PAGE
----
About Physiatry

About Physiatry

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Parkinson's Disease

Condition: Parkinson’s disease is a progressive movement disorder resulting from the loss of nerve cells in the brain that produce a substance called dopamine.

Background: The cause of Parkinson’s disease is unknown. One in every 800 individuals develops the condition, which is more common in men than in women.

Risk Factors: Parkinson’s disease increases with age, with 90% of patients above 45 years of age. Its cause is not entirely known, although for some patients, it is the result of an inherited genetic mutation. Exercise throughout adulthood may reduce a person’s risk.

History and Symptoms: Often symptoms of Parkinson disease begin on one side of the body, with early symptoms including difficulty with fine motor movements such as buttoning or writing, diminished foot or arm movement or tremor. Other symptoms include stiffness, imbalance, difficulty swallowing, constipation and urinary incontinence. Patients may also experience softer speech, fatigue, forgetfulness, loss of smell, anxiety, depression, and sleep disorders. Symptoms of late-stage Parkinson disease include an expressionless face, stooped posture, and progressive difficulty with standing up and walking due to problems with balance, movement and “freezing” or difficult with starting leg movement.

Physical Exam: Healthcare providers conduct thorough physical exams, looking for the specific signs and symptoms described above that are seen in Parkinson’s disease.

Diagnostic Process: Although the diagnosis is often made clinically, diagnostic tests may include a DaTscan, which measures whether a specific injected radioactive tracer is taken up by the brain normally in an area of the brain affected by Parkinson’s disease. It may be abnormal in other disorders also, however. MRI scans of the brain are usually used to rule out other conditions that have similar symptoms. Sleep studies, swallowing studies and psychological testing may be used to assess the severity of a problem in these areas as well as indicate how to best intervene.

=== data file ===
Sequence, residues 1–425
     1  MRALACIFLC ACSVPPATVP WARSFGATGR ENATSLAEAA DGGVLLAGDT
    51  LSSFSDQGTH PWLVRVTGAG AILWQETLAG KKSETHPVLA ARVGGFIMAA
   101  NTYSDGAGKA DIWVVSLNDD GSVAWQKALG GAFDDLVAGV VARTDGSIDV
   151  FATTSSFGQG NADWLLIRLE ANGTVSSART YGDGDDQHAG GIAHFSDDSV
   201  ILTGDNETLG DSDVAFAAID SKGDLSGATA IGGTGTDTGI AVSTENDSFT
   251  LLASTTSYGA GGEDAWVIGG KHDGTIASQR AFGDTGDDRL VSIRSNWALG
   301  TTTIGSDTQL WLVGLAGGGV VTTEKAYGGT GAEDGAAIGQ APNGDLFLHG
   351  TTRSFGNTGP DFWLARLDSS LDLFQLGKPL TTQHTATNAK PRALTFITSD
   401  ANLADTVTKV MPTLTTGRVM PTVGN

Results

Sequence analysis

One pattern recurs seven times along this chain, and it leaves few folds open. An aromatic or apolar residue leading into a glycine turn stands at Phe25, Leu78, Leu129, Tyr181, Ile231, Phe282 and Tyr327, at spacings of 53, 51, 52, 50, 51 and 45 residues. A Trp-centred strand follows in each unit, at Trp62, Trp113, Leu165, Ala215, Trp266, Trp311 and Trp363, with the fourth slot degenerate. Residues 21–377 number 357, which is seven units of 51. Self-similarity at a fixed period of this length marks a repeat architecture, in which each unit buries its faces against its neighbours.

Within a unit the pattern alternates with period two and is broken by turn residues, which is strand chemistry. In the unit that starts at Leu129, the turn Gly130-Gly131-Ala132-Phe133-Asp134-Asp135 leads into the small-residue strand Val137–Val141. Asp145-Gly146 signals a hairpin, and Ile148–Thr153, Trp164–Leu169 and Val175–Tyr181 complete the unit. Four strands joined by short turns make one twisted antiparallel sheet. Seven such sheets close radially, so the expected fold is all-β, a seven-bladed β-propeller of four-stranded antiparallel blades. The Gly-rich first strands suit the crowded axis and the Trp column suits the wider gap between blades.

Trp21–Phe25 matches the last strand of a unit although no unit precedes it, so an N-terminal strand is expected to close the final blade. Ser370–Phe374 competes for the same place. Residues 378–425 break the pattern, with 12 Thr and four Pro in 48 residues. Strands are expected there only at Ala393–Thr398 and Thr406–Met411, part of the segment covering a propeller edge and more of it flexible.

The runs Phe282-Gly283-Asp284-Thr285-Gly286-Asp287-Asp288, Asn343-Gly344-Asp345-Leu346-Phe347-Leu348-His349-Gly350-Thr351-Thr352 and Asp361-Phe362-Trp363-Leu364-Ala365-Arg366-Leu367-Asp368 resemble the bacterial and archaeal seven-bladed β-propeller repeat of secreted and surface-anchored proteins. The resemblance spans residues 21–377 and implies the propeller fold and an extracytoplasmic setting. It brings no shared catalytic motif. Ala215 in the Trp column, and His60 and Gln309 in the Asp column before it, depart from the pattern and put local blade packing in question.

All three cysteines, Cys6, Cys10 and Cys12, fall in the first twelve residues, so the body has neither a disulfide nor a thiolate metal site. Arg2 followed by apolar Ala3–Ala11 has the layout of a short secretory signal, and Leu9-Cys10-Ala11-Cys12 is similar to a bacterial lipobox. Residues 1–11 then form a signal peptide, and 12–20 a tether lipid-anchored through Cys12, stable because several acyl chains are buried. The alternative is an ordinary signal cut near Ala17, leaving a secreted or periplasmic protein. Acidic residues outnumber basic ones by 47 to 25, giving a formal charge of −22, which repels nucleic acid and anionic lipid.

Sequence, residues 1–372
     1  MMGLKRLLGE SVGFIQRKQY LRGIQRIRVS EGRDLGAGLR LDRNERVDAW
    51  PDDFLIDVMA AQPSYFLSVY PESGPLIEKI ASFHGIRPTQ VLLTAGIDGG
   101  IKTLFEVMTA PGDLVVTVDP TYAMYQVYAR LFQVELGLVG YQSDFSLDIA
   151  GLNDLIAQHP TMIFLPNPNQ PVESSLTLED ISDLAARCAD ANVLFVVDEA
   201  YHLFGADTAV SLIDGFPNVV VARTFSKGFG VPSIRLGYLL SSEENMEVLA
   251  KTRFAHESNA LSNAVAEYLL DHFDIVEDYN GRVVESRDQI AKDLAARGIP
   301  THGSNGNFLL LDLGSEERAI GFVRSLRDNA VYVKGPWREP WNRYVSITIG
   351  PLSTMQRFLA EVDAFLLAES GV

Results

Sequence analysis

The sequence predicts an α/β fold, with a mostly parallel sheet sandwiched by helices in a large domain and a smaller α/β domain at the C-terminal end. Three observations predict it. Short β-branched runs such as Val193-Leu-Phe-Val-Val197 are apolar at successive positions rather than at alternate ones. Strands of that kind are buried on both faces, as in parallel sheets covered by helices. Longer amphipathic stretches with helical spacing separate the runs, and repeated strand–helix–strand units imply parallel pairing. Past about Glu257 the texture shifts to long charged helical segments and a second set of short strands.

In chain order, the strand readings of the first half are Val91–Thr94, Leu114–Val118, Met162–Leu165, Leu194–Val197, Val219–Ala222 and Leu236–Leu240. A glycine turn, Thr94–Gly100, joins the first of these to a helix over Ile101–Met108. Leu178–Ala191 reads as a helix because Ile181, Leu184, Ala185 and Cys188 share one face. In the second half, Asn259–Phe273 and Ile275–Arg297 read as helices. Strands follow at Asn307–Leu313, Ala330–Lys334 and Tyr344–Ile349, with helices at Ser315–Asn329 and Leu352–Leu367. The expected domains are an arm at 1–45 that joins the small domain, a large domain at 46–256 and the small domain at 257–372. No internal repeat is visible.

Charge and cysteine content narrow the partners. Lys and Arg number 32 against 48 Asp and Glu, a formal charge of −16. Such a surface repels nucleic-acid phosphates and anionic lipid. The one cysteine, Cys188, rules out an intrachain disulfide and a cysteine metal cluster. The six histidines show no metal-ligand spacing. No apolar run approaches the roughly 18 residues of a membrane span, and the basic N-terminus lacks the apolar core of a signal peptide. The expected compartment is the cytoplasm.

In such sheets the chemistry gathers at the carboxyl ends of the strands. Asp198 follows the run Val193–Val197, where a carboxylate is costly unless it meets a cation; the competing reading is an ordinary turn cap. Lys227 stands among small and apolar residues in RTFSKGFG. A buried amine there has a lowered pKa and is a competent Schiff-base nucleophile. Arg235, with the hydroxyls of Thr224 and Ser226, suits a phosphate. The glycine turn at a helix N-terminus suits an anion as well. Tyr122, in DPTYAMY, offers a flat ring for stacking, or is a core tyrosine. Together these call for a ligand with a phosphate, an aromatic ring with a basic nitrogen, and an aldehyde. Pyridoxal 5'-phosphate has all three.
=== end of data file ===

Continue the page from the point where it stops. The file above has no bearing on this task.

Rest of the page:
Rehab Management: Exercise treatment should be started as soon as the diagnosis of Parkinson’s disease is made. Physical medicine and rehabilitation (PM&R) physicians, also known as physiatrists, assess the patient’s impairments and function with recommendations made for exercise and other therapy interventions. Periodic reassessments and adjustments in the exercise program should be made throughout the disease course.  Balance training, stretching and strengthening exercises, and aerobic activity are utilized to help to improve and maintain a patient’s function. Recommendations are often made for physical therapists to provide exercises to help with balance and walking and occupational therapists for  fine motor activities and to provide information or equipment to help with activities of daily living. Speech therapy may be recommended for training to improve a soft voice, swallowing function or cognitive problems.

A number of different types of medications are available to manage symptoms, including tremors and stiffness and are generally started by a neurologist. When to start these medications in the condition’s early stages is dependent on how symptoms are affecting the patient. Carbidopa/levodopa is a commonly used drug however timing of medication may require frequent adjustment and using several medications is often done to help with symptoms and minimize side effects.

Deep brain stimulation or other surgical procedures are used when the patient develops symptoms such as excessive movements (dyskinesias) with the use of Parkinson’s disease medications, or when the effects of the medications do not last very long (“wearing off’) and medications must be taken frequently throughout the day.

Other Resources for Patients and Families: Several organizations can provide information to patients and caregivers about Parkinson’s disease and its progression. These include the Parkinson’s Foundation, the Michael J. Fox Foundation for Research, and the American Parkinson Disease Association. Support groups can also offer assistance and education.

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